B O S A S O P O L IC E
M I S C O N D U C T
Evidences of police brutality and excessive force
Grievances Against Bosaso Police Misconduct *
September 28, 2005
As we are talking now, someone, somewhere in an African country is being thrown into prison cell, being beaten up, tortured or being interrogated on trumped up charges. Hundreds more up and down the continent are being subjected to other forms of inhuman treatment in the hands of the police, army or secret police .
Comment made by a member of an NGO at the eleventh session of the African Commission on Human and Peoples’ Rights (ACHPR) held in Tunis, Tunisia.
Sheekh Aduun, director of the Bossasso radio affiliate of the private STN network, and Awale Jama, an editor at the station, were freed yesterday without charge, according to STN director Omar Nur Guutale in Mogadishu. They had been jailed since June 30 in connection with the station's reporting on the mayoral campaign in Bossasso, according to local sources .
Committee to Protect Journalists (CPJ) Press Release,
New York, July 13, 2005.
Article 5 of the Universal Declaration of human Rights states that “[n]o one shall be subjected to torture or to cruel, inhuman or degrading treatment or punishment .”
When decisions are made to protect the public, strategies (i.e. means to an end) are consciously or unconsciously employed. In the case of policing and handling the safety of the public, the end is the improvement of the security force’s capability to accomplish its goals. The selection of the strategy generally involves the establishment of a series of ends, means and priorities.
We know that policing is a complicated issue, by the fact that Somalia is in the midst of civil wars, and sometimes the police itself produces conflict or pursues ambitious goals that cannot be attained. However, there are two objectives which all security related institutions serve:
The first objective is the maintenance of law and order – handling disputes, a family quarrel, and a street disturbance by teenagers etc. The second objective is law enforcement – the use of legal sanctions, usually by means of arrest, to individuals who harm/threaten or deprive innocent victims.
Nevertheless, Bosaso Regional State Security Forces have lately known not to perform their tasks satisfactorily. Numerous Puntland media have recently directed criticism at the police. All of their criticisms are well known and often valid, but Puntland administration is frequently ignoring the conditions that are giving rise to these criticisms. The Administration, for example, is frequently charged for hiring unqualified policemen who suppress or manipulate crime reports and more importantly use improper or illegal procedures, including torturing detainees. The answer to why all these criticisms are true to some extent lies to two explanations: Torture seen as a social control mode; and what we call “Duur-joog” theme – both is complementing each other.
Afflictions in Detention Centers
To control masses that have been bad-administered is not an easy task. As scholar Matthew Lippman observes, “The major function of torture today is its use by many regimes lacking popular support who desire to inculcate a climate of fear and political apathy in the general population .” In addition, “Torture may also be used to incapacitate an individual psychologically or physically and thereby render the individual politically ineffective .”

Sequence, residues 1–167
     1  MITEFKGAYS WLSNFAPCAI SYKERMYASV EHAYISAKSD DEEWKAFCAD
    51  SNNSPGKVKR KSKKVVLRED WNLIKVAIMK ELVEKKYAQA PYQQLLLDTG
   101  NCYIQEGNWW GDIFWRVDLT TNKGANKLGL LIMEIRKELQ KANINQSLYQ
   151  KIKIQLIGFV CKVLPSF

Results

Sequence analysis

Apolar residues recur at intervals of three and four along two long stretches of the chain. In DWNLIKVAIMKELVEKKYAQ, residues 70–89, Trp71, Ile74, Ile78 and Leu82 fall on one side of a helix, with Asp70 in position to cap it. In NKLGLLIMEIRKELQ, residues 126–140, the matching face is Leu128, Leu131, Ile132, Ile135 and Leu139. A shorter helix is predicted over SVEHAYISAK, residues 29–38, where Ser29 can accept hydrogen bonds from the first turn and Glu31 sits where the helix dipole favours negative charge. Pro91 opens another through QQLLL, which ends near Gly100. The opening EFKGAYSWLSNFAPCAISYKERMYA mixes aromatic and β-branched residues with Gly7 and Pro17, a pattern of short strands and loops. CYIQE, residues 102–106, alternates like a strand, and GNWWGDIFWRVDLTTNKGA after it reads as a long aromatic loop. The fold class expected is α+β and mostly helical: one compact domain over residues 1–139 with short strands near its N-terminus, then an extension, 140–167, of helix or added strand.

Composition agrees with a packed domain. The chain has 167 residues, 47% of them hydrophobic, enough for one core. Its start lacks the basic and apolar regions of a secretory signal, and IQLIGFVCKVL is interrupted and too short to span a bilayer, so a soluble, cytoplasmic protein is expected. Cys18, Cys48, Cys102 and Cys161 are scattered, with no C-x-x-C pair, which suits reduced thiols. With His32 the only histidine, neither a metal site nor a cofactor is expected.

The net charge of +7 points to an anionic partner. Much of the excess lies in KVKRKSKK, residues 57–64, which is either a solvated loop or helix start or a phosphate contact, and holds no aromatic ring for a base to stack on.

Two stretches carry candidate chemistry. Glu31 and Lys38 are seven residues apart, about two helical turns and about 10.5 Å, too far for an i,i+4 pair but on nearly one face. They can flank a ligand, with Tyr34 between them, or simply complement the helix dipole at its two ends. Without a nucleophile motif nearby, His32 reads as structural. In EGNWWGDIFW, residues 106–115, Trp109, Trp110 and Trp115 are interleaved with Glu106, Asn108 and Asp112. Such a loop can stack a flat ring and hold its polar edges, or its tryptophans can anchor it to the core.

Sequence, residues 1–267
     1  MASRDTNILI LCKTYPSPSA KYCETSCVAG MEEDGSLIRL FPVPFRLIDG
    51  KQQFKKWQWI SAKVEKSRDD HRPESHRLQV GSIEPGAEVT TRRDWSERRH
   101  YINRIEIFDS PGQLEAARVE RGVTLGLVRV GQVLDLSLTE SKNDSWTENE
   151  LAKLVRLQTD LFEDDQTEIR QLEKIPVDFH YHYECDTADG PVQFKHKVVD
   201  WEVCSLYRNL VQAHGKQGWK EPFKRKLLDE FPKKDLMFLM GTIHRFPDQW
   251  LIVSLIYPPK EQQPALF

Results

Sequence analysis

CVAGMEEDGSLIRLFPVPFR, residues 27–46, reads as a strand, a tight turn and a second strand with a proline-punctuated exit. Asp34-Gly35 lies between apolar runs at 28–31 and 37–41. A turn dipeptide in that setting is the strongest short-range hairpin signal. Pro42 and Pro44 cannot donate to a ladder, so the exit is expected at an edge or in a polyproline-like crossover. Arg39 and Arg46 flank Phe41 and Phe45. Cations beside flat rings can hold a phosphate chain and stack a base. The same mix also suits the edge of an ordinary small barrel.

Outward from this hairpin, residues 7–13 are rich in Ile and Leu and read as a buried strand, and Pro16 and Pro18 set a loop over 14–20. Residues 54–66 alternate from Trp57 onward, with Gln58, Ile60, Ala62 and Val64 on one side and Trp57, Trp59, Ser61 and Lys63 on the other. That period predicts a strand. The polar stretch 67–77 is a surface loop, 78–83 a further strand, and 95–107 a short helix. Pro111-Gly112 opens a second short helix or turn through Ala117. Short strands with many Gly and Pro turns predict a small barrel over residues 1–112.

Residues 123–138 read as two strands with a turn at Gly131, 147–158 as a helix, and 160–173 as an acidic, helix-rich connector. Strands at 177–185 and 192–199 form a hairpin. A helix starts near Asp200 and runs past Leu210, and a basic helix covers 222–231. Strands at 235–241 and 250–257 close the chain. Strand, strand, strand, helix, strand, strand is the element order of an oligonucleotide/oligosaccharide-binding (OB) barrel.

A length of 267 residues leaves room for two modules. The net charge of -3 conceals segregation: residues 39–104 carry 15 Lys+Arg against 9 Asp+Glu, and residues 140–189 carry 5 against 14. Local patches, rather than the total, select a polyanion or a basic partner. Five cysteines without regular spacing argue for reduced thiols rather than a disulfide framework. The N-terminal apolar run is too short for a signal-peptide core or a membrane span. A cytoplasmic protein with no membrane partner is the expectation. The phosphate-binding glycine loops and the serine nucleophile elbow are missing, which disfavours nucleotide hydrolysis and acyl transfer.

Although explanations vary, the variations of bad-policing theme in Bosaso can be summed up as “Duur-joog” who find their way into the police work through nepotism, and clan-affiliation. “Duur-joog” refers here to un-qualified, unintelligent, clan-oriented, rude, brutal, intolerant, or insensitive men. “Duur-joog” recruits enjoy expressing their prejudices and crudeness in the name of the law. Not only do “Duur-joog” fail to do the right thing/prevent crime, they systematically take pleasure in to do the wrong thing/actually cause crime .
Danbiyo kala duwan oo aan jirin islamarkaasna qof bini'aadam ah aan loo qaban ayay maxaabiistaasi ku xiranyihiin mudo sanado ah iyo Bilo markii aad weydiisana waxay kuu sheegayaan ina ay yihiin(rumaan) ama maxkamed suge oo sharcigiisu yahay in uu xabsiga ku xirnaado 45 casho.
Xiligii aan maxaabiistaasi wada joognay oo ay ogaadeen in aan ka mid ahay saxaafadda waxay intooda badan igula dardaarmeen in aan tacadiyada haysta dadka u soo bandhigo.
Waxaa dhibaatooyinka haysta ka mid ah cunto xumo, daawo la’aan, iyo qaarkood oo qaba cudurada faafa sida TB-da, Malaria, Cholera, iyo waliba aneebiya ama dhiig la’aanta oo dhammaantood ay la ildaran yihiin .
[*] This article was originally posted on Biyokulule Online in September 28, 2005.
 Brian Moyo, “Visions of Brutality,” West Africa, 30 March-5 April (1992):542.
 Committee to Protect Journalist, “Two Puntland Journalists Freed, But Harassment Continues,” Press Release (New York, July 13, 2005). http://allafrica.com/stories/200507140633.html.
 See also International Covenant on Civil and Political Rights, Article 7; U.N. Standard Minimum Rules for the Treatment of Prisoners, Article 31.
 Matthew Lippman, “The Protection of Universal Human Rights: The problem of torture,” Universal Human Rights, Vol. 1, No. 4 (Oct., 1979): pp. 30.
 Matthew Lippman, “The Protection of Universal Human Rights: The problem of torture,” Universal Human Rights, Vol. 1, No. 4 (Oct., 1979): pp.29-30.
 See various Somali websites on police misconduct in Bossaaso in September 03, 2005:
 See Biyokulule news, July17, 2005: http://www.biyokulule.com/taaran.htm.
Bosaso: Artillery men in action